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Debated on Monday 8 June 2020

The Committee consisted of the following Members:

Chair: Mr Philip Hollobone

† Anderson, Lee (Ashfield) (Con)

† Butler, Rob (Aylesbury) (Con)

† Chamberlain, Wendy (North East Fife) (LD)

† Clarke-Smith, Brendan (Bassetlaw) (Con)

† Dines, Miss Sarah (Derbyshire Dales) (Con)

† Elmore, Chris (Ogmore) (Lab)

† Fell, Simon (Barrow and Furness) (Con)

† Griffith, Andrew (Arundel and South Downs) (Con)

† Hughes, Eddie (Walsall North) (Con)

† Jones, Ruth (Newport West) (Lab)

Lloyd, Tony (Rochdale) (Lab)

† Millar, Robin (Aberconwy) (Con)

† Paisley, Ian (North Antrim) (DUP)

† Sambrook, Gary (Birmingham, Northfield) (Con)

† Smyth, Karin (Bristol South) (Lab)

† Timms, Stephen (East Ham) (Lab)

† Walker, Mr Robin (Minister of State, Northern Ireland Office)

Dominic Stockbridge, Committee Clerk

† attended the Committee

Second Delegated Legislation Committee

Monday 8 June 2020

[Mr Philip Hollobone in the Chair]

Draft Local Elections (Northern Ireland) (Amendment) Order 2020

With this it will be convenient to discuss the draft Representation of the People (Electronic Communications and Amendment) (Northern Ireland) Regulations 2020.

It is a pleasure to serve under your chairmanship, Mr Hollobone. I apologise to the Committee for arriving a few moments into the sitting, having just come from a Division down the corridor. With your permission, we are taking both these election-related statutory instruments together. I hope that as neither is particularly contentious, we will not detain the Committee too long.

The draft Representation of the People (Electronic Communications and Amendment) (Northern Ireland) Regulations 2020 will amend the existing legislative framework for canvass in Northern Ireland to allow electors to respond to the canvass digitally, using the existing online registration system. Registration applications and canvass returns require substantially the same information, but because online registration is a relatively new development in Northern Ireland, our existing canvass regulations do not allow the use of electronic returns.

The Northern Ireland canvass is not an annual event and is not as light touch as it is in Great Britain. When a full canvass is conducted in Northern Ireland, it is not sufficient for an individual to note that their registration details have not changed; each individual must complete a full registration application or canvass form.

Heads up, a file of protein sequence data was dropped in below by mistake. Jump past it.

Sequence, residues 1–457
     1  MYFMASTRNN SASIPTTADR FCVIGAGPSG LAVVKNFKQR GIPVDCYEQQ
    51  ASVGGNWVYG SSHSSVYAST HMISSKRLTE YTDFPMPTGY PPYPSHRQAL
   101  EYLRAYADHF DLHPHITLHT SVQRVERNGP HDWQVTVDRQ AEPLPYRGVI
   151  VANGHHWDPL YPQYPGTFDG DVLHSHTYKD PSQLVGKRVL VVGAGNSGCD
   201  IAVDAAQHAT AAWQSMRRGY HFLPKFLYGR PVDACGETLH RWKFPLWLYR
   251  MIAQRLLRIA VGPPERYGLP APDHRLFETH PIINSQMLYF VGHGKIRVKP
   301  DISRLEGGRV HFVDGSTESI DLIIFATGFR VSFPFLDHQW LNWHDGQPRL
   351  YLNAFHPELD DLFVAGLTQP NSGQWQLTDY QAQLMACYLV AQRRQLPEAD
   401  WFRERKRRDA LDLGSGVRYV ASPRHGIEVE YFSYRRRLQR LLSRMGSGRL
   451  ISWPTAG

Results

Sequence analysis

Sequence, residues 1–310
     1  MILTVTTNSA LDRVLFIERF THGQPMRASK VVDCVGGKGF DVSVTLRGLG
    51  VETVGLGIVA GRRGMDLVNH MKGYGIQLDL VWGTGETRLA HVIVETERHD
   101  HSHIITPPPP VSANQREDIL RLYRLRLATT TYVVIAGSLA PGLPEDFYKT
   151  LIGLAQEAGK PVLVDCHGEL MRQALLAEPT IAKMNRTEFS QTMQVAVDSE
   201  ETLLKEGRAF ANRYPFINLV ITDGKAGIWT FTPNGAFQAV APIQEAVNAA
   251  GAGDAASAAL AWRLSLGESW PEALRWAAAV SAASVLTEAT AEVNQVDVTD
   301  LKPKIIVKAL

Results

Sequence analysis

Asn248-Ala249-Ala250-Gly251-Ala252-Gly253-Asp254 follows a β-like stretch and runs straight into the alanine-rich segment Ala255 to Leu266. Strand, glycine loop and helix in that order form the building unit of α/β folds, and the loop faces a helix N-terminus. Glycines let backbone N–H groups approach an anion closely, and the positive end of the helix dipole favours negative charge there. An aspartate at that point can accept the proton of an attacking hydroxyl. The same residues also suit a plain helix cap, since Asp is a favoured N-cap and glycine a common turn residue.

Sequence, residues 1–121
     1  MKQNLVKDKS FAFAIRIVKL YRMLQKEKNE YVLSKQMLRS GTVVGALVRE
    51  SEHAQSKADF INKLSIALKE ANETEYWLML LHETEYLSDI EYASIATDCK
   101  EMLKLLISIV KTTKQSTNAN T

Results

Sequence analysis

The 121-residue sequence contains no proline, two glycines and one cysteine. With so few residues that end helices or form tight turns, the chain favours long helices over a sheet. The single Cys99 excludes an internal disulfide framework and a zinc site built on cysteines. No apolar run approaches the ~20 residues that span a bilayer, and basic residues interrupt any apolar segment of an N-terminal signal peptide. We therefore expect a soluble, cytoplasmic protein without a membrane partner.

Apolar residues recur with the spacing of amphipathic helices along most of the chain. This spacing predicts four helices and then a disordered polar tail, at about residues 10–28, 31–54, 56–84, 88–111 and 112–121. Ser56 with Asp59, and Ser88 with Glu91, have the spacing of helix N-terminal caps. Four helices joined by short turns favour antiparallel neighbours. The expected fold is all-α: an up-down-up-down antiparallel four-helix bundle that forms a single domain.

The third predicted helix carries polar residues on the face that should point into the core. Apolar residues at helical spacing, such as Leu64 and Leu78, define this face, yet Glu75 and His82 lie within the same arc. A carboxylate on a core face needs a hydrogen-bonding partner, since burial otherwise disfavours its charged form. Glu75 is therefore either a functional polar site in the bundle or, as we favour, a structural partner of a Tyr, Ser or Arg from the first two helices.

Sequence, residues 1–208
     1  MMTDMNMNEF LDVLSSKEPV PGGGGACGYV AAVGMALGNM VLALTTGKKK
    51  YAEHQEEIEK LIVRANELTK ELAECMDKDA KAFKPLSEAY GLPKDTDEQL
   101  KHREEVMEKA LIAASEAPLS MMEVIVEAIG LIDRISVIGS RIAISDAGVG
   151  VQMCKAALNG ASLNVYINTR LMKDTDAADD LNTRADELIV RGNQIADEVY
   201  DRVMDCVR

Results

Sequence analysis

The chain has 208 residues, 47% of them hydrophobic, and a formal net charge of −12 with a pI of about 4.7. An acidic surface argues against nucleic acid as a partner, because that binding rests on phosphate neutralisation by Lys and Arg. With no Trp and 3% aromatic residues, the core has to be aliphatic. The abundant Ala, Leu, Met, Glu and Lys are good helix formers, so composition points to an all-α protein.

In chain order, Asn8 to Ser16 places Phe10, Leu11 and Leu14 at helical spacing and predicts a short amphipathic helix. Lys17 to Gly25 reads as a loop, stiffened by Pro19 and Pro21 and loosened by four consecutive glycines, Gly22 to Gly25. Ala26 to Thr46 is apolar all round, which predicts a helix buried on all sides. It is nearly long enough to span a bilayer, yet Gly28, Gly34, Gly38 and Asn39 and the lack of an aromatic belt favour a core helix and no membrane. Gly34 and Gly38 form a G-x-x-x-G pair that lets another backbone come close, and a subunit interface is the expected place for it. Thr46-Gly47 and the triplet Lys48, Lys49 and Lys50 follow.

It makes sense that the law is now changed to allow the chief electoral officer to accept registrations made on the UK online registration system rather than requiring all individuals to fill out a paper application form. It is worth noting that online registration is already hugely successful and popular in Northern Ireland. The option to register online was extended to Northern Ireland in 2018, and since then over 80% of people registering have chosen to register using the digital service, rather than using a paper form. That compares favourably with Great Britain, where the most recent figure was about 75% of applicants using the online service.

However, I can reassure hon. Members that people will not be required to use the digital system. Nothing in this legislation will remove the paper-based canvass regime that we have always used, and that system will remain for those who wish to use it. Nevertheless, we know that a growing majority of people now expect to be able to interact with public services online. These regulations allow people the option of using the online registration service if they wish to do so.

Does the Minister agree that for these provisions to really take good effect, what has to follow them is investment in our electoral offices around the country? I am talking about investment in training of staff, in access to staff and in more telephone availability when people ring up with queries. The Minister is absolutely right that the measures have been a partial success, but there have been glitches. It is important that those glitches be ironed out, and they cannot be ironed out on the cheap, but only with investment in our electoral offices.

The hon. Gentleman makes a powerful point. Of course we need to ensure that these services are properly supported. I will come to the fact that of course part of what these reforms will achieve is to make the service more efficient. That should in itself release funds for the investment that he speaks about.

These changes make administrative sense. The register for Northern Ireland stands at 1.3 million people, and not having these regulations allowing people to use the online service to register would mean posting out 1.3 million paper forms with return post envelopes—a huge undertaking. Reducing the number of forms issued will save money, streamline the administrative process and save a good deal of wasted paper.

Importantly, the changes will make canvass more efficient and allow the chief electoral officer and her staff more time to focus on encouraging under-registered groups to engage with canvass and get on the register. I hope hon. Members agree that the changes, which will make it easier for people to register, allied to increased efficiency, are very welcome.